Livestock producer learns to keep his cattle warm - KTIV News 4 Sioux City IA: News, Weather and Sports

By Travis Olson

Livestock producer learns to keep his cattle warm


HAWARDEN, Iowa (KTIV) - It's that time of year when temperatures can fall well below zero. But, for Siouxland livestock producers that doesn't mean they get to stay inside where it's warm. They still have to go out and brave the frigid weather.

Not much stops him. He's out rain or shine, in the scorching heat and now in the freezing cold. But that's his job. For Wayne Dekkers of rural Hawarden, Iowa it is a passion that has been passed down from generation to generation. Wayne Dekkers says, "Well I guess in my situation I was born and raised that way. my grandfather fed cattle my dad fed cattle."

The Dekkers have about 3000 cattle on their farm. Wayne Dekkers says, "We start first thing in the morning and feed the cattle, we get that done first. And then the cattle are all checked the pens are walked, and checking the health of the cattle."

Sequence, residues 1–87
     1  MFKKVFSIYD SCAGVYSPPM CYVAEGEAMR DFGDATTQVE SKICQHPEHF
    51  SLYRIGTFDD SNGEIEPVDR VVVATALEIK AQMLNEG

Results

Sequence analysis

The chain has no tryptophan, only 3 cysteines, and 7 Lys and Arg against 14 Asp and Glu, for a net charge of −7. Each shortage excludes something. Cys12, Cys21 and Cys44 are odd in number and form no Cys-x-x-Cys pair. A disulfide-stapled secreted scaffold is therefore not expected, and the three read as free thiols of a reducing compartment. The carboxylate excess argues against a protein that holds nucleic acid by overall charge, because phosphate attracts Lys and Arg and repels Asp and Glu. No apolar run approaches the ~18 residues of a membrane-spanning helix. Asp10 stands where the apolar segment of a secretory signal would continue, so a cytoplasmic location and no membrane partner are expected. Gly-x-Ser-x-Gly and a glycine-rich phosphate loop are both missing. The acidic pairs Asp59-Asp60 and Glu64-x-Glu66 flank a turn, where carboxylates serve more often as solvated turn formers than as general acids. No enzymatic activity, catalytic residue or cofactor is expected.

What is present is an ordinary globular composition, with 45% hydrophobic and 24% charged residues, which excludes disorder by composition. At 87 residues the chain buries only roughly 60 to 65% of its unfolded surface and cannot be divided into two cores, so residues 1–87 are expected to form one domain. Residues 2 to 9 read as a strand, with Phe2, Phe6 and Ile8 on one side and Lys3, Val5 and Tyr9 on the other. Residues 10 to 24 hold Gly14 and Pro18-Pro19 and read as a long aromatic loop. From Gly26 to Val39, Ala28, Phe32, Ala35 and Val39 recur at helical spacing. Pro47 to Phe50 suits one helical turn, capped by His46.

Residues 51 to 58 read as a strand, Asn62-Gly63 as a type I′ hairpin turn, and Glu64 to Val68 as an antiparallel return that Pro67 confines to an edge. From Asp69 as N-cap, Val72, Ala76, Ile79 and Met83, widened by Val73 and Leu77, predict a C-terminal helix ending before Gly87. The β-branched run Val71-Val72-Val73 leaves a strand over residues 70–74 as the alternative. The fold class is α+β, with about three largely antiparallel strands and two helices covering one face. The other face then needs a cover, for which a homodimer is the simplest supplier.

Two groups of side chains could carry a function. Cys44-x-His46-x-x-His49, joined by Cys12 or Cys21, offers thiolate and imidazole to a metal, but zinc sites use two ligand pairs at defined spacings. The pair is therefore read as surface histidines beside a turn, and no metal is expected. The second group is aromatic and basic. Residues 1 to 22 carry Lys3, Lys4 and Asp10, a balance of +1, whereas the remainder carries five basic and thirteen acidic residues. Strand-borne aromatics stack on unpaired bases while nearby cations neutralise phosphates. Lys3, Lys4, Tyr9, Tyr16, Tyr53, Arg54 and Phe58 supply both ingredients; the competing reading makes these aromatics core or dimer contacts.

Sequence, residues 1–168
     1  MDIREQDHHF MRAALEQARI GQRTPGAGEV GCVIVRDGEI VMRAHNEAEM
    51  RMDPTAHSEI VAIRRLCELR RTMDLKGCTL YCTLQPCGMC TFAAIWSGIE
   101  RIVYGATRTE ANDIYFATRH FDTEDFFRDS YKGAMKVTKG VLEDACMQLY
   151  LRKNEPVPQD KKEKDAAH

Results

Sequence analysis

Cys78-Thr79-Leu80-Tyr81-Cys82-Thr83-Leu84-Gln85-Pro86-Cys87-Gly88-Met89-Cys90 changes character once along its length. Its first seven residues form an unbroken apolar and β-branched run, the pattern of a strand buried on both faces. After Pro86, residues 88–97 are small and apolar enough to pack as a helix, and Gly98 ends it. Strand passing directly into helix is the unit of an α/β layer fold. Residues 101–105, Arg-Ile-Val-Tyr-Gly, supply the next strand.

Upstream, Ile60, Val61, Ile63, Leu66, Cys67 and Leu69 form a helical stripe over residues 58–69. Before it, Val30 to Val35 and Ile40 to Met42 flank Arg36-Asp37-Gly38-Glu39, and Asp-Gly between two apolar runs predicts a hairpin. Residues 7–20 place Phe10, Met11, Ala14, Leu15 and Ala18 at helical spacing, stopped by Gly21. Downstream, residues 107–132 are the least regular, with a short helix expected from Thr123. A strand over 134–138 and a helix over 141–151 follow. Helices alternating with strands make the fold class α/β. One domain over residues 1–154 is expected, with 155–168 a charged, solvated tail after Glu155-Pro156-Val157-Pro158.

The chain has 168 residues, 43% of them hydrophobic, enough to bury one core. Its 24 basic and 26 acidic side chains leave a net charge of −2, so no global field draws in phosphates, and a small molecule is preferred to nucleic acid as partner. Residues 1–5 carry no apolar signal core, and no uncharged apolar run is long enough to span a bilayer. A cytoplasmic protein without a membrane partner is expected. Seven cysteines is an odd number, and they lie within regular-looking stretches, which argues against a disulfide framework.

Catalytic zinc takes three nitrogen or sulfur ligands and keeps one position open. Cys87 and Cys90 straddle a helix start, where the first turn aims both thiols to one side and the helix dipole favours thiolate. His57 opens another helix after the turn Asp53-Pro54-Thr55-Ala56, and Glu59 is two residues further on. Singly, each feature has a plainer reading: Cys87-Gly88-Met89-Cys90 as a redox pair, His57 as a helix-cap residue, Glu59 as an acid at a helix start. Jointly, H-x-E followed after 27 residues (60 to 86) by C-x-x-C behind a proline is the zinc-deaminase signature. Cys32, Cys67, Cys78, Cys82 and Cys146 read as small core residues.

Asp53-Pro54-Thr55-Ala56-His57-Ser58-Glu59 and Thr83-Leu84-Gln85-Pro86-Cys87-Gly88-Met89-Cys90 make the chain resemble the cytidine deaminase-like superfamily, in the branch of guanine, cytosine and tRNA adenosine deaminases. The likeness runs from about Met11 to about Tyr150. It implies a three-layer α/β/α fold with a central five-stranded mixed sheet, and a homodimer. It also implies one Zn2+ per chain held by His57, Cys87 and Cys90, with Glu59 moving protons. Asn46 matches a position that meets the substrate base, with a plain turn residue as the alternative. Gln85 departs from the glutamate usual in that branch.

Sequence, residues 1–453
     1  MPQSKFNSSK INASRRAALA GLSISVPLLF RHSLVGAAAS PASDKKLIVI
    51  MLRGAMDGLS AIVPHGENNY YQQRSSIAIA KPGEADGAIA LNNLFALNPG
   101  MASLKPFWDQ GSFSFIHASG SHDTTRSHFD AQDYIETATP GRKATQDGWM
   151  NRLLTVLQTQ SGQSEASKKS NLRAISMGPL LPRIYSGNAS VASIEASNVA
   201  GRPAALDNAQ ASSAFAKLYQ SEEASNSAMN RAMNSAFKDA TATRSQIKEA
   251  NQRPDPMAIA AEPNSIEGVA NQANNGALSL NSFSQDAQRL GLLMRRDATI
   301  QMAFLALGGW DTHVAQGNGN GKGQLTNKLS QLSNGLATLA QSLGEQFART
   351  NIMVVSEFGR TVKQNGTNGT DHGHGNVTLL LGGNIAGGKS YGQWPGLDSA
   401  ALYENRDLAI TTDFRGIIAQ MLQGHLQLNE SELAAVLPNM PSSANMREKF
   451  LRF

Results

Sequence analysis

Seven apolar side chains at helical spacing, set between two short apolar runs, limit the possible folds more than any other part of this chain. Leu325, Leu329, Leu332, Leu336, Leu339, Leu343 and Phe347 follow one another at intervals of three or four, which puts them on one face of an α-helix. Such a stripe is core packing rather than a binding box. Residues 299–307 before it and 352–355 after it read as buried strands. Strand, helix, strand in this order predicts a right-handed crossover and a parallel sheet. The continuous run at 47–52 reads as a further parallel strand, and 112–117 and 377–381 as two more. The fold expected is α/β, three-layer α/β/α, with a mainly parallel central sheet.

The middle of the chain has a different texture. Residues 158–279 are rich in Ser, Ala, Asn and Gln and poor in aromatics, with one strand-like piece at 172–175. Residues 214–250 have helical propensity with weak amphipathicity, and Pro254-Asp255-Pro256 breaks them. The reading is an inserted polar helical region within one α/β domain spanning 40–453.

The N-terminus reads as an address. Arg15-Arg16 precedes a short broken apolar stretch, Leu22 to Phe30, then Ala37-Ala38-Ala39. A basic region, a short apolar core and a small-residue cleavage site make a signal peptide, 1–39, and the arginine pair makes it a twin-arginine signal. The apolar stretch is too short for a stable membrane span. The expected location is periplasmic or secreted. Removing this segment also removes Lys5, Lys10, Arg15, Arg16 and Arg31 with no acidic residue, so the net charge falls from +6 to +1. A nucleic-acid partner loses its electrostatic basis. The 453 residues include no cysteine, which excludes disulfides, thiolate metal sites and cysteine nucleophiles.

And, that process takes about three hours but when it's cold they bed the cattle about twice a week. This not only helps to keep them warm but has other benefits as well.

Wayne Dekkers says, "It's very important to keep the cattle dry that their hair coat doesn't get wet and matted down. So you want to keep bedding in the yard, keep their body temperature up. Keep them comfortable anytime you stress cattle you loose rate of gain."

Dekkers says if the cattle's rate of weight gain drops it actually costs him more money because it takes the cattle longer to reach their market weight. Another important thing to watch... the cattle's water. It needs to be check to make sure that it's thawed. To help with that the Dekkers have heated fountains that are controlled by a thermostat. But when heavy snow starts pilling up it's important to keep the feed bunks open so for that...

Wayne Dekkers says, "We have ah, it's a bunk blower. It's PTO driven it mounts on the back of one of the tractors. It blows and extreme amount of air out of a pipe. And we just run it along each bunk and it actually blows the snow out of the feed bunk, where they eat."

And when the snow starts to pile up in the lots it has to be hauled out by the truck load.

Travis Olson says, "Beyond the cold and the care of the cattle, Wayne says another concern is the diesel tanks on the trucks and tractors...gelling up in the extreme temperatures. For the News Channel 4, Siouxland Ag Report, near Hawarden, Iowa. Travis Olson, Farmers Coop Society."

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